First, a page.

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Databricks brings its Delta Lake project to the Linux Foundation

Databricks, the big data analytics service founded by the original developers of Apache Spark, today announced that it is bringing its Delta Lake open-source project for building data lakes to the Linux Foundation and under an open governance model. The company announced the launch of Delta Lake earlier this year and even though it’s still a relatively new project, it has already been adopted by many organizations and has found backing from companies like Intel, Alibaba and Booz Allen Hamilton. “In 2013, we had a small project where we added SQL to Spark at Databricks […] and donated it to the Apache Foundation,” Databricks CEO and co-founder Ali Ghodsi told me. “Over the years, slowly people have changed how they actually leverage Spark and only in the last year or so it really started to dawn upon us that there’s a new pattern that’s emerging and Spark is being used in a completely different way than maybe we had planned initially.” This pattern, he said, is that companies are taking all of their data and putting it into data lakes and then do a couple of things with this data, machine learning and data science being the obvious ones. But they are also doing things that are more traditionally associated with data warehouses, like business intelligence and reporting. The term Ghodsi uses for this kind of usage is ‘Lake House.’ More and more, Databricks is seeing that Spark is being used for this purpose and not just to replace Hadoop and doing ETL (extract, transform, load). “This kind of Lake House patterns we’ve seen emerge more and more and we wanted to double down on it.” Read more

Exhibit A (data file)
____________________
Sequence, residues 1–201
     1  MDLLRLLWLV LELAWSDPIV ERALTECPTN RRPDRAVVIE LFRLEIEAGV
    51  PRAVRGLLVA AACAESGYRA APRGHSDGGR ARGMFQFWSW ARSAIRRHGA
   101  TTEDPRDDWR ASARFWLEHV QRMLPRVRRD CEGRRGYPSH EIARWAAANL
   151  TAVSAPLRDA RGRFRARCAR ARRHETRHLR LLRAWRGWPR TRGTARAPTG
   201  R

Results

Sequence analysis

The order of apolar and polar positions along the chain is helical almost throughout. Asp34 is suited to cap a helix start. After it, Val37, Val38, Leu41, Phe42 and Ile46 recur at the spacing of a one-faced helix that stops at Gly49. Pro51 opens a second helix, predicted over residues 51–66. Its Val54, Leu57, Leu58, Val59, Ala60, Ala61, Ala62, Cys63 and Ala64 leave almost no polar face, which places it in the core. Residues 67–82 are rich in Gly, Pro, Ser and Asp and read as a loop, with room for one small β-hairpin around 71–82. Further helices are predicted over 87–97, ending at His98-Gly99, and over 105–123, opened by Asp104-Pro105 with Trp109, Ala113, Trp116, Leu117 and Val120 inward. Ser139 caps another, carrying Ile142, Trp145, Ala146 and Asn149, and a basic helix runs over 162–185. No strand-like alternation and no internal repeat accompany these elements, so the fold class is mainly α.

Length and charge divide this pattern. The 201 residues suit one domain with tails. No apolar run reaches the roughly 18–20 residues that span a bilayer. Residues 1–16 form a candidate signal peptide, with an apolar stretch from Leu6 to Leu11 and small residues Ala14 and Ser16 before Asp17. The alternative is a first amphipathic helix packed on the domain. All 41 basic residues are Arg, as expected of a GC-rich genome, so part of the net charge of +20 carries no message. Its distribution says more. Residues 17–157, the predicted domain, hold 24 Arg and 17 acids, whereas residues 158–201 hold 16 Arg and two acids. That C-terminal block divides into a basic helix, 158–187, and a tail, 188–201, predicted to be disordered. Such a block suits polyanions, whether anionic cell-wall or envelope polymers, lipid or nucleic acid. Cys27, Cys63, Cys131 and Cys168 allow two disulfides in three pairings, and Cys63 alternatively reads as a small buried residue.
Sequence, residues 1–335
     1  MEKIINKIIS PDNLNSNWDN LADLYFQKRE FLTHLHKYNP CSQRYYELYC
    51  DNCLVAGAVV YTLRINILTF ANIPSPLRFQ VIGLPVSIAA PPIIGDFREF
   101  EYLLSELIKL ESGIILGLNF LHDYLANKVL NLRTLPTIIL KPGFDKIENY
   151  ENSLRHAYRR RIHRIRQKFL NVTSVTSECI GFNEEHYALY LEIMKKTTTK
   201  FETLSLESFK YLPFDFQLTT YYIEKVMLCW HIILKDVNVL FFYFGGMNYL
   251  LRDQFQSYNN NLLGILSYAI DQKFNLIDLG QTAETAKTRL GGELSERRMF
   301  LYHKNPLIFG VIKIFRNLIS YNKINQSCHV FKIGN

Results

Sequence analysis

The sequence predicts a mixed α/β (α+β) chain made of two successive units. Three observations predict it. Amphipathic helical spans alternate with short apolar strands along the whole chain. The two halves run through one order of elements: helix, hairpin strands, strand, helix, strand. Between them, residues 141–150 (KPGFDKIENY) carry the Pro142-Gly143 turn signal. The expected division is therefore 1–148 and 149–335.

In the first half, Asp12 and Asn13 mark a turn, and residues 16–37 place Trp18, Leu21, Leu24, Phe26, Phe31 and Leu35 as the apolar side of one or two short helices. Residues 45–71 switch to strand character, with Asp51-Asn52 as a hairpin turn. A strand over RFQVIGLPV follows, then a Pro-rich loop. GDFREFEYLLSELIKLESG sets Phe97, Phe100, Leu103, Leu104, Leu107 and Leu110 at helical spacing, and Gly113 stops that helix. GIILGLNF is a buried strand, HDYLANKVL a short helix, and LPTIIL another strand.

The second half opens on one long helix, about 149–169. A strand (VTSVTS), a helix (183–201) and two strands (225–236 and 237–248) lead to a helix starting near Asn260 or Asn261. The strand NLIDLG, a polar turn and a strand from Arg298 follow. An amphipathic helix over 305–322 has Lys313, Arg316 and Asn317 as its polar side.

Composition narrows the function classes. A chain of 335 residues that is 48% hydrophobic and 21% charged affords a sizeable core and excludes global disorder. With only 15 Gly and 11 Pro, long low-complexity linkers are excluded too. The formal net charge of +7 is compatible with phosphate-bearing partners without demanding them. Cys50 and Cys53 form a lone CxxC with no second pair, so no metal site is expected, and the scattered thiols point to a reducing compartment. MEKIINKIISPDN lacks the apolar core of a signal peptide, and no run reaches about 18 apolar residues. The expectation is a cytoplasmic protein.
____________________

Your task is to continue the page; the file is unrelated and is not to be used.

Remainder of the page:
Configuring Automatic Login and Lock Screen on Ubuntu 19.10

Whether it’s Linux or Windows, Ubuntu, or Fedora, I am not an ‘automatic’ type of guy. That is to say, and I don’t want my login automated, nor do I want my updates automatically installed. This preference directly results from over thirty years in Information Technology, prudence, habit, and experience. Plus, it’s just plain smart security sense. However, I further realize that as Linux users get younger and younger, I am increasingly in the minority in this sense. While I strongly disagree with automatic logins and updates, I can understand the desire for it. So, with that understanding, let’s go about the business of instituting automated logins in Ubuntu. We will also take the time to address the Ubuntu Lock Screen setting. Configuring automatic Ubuntu software updates is much more in-depth. We will discuss this in a separate dedicated article at a later date. Read more